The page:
The CyanogenMod crew has been making a lot of noise in the Android world lately. Within the last couple of months alone CM has hit 2 million installs which is an awesome achievement for the developer community and has also created a new mascot to signature their work going forward. Now CM has decided that the next step would be to refresh their start-up animation while at the same time officially bringing Cid into the fold. Check out the video below to see Cid in action. The 8-bit tune in the background sounds sweet if you ask me, though I’m not sure that will play along with the actual boot animation. Welcome Cid and may your incorporation be a sign of great things to come!
Owners of the HTC One X have been complaining about occasional lag during game play on a device that shouldn’t be lagging at all (despite previous issues with Sense lag). What’s causing it? XDA contributor hamdir has put together a tutorial to not only explain why this is happening, but also how to fix it.
First, the reason it lags. It has to do with the number of cores in use and how some apps don’t get access to all the cores. Additionally, the cores that are being accessed are not always running at the highest clock speed. hamdir puts it like this:
The stock CPU governor on the One X keeps ramping up and down the clocks during games which is the main cause of bad frame rate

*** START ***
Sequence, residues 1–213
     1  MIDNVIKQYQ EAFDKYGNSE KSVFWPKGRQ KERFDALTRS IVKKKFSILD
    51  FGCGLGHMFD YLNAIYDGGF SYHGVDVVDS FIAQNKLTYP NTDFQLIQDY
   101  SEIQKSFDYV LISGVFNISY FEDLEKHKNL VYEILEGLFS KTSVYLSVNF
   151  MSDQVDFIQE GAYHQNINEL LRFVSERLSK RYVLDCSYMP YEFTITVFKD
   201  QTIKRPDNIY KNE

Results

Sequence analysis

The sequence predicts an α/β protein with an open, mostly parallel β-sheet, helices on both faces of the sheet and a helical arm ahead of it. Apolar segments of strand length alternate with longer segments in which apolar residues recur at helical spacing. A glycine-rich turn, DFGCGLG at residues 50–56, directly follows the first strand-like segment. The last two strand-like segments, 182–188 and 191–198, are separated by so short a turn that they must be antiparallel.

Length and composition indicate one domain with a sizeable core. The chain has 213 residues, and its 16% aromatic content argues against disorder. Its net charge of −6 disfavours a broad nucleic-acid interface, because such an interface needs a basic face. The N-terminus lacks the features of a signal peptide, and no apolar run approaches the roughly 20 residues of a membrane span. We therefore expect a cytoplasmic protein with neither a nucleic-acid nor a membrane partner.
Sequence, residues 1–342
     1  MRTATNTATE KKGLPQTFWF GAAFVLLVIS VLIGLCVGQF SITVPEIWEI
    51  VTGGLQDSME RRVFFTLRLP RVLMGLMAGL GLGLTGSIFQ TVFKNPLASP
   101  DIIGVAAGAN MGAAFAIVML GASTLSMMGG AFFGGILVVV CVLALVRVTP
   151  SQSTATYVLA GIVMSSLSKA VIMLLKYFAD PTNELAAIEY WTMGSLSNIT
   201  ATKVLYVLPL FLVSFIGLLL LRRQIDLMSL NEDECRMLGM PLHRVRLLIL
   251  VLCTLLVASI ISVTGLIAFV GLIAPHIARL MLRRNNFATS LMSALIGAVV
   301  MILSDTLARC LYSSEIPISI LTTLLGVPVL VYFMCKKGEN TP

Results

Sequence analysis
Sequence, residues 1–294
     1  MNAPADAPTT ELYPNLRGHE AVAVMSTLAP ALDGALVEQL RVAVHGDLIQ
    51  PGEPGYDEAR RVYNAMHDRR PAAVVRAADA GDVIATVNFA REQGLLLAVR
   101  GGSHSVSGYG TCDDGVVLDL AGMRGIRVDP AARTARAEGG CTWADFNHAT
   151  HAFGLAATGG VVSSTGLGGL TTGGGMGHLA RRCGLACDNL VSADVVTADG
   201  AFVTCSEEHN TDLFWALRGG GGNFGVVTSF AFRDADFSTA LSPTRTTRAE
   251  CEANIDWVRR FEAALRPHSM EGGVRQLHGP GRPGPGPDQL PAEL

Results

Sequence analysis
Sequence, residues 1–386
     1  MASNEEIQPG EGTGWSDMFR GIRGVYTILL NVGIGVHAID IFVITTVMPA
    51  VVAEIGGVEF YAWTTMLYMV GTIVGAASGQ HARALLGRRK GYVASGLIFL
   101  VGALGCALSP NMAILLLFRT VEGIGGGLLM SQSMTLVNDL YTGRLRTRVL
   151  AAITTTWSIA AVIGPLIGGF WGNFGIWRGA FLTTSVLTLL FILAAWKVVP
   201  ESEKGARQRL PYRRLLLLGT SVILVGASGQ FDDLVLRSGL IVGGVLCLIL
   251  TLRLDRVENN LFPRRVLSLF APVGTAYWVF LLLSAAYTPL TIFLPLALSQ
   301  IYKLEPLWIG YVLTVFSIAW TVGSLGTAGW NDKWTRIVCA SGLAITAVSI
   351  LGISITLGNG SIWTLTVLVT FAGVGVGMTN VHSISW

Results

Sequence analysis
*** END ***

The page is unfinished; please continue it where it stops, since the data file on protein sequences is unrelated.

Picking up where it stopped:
The fix for this is simple, but requires a rooted phone. If you’re rooted and running stock, simply download an app called System Tuner from the Play Store and do the following:
Many AT&T customers picked up a new HTC One X in hopes that someday HTC and AT&T would unlock the device’s bootloader. Time went by and the situation hadn’t changed and HTC even went as far as citing “restrictions” (see AT&T) that prevent them from unlocking the One X. As you can imagine people weren’t pleased with this situation and ultimately the Android dev community geared up for work. After a few weeks of hacking one crafty XDA member reached the triumphant goal before anyone else. Thanks to grankin01 we now have a round-about way of unlocking the “restriction” ridden bootloader of the AT&T’s One X.
The way in which this process works is by tricking HTC’s unlock tool into thinking the AT&T version of the One X is actually a Canadian One XL. A simple swap of the hex value now disguises the One X as a Rogers One XL and will now be granted full access to the unlock tool. The process is rather lengthy but is actually quite simple in theory so if you are familiar with adb and a hex editor you may want to give it a go. You must be rooted and if you have already manually upgraded your device to the recent OTA leak this will not work for you. If all this sounds like gibberish then I highly recommend waiting for an easier solution. A more user friendly option is bound to pop up sooner or later now that this method has been established.
Jump past the break for full instructions and be sure to head over to XDA to thank grankin01 for this method. Read more
Oh ASUS, how we love you so. Not only are you giving us cutting edge hardware and lightly bloated software, you also give us the ability to unlock your devices so that we can do as we please. Sure it comes at the price of voiding our warranties, but that is a risk and a responsibility us crack-flashers are willing to deal with.